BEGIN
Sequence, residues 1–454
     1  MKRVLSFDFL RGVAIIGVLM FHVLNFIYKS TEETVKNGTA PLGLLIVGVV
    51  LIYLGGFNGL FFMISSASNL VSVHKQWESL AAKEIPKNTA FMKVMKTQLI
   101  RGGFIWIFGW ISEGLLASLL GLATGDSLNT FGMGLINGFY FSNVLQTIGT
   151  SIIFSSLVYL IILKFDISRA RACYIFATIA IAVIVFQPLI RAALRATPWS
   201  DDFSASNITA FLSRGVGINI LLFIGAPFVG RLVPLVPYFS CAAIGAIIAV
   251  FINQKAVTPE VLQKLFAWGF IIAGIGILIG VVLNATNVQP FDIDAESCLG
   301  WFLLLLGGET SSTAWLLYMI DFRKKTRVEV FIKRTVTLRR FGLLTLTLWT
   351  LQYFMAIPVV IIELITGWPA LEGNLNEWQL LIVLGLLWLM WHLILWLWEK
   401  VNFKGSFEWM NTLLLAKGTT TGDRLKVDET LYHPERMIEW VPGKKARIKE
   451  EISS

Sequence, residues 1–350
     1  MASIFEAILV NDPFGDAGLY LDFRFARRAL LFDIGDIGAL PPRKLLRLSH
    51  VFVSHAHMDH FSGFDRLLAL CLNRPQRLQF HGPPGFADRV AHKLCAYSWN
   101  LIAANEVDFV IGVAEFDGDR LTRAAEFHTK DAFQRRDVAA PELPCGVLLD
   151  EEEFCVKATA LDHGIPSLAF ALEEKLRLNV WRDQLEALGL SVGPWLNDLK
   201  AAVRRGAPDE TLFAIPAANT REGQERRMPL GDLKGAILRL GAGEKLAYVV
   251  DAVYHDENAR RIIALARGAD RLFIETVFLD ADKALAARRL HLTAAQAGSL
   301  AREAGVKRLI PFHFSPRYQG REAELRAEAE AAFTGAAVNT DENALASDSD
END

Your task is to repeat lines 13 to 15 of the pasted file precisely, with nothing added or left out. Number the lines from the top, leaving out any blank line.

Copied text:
     1  MASIFEAILV NDPFGDAGLY LDFRFARRAL LFDIGDIGAL PPRKLLRLSH
    51  VFVSHAHMDH FSGFDRLLAL CLNRPQRLQF HGPPGFADRV AHKLCAYSWN
   101  LIAANEVDFV IGVAEFDGDR LTRAAEFHTK DAFQRRDVAA PELPCGVLLD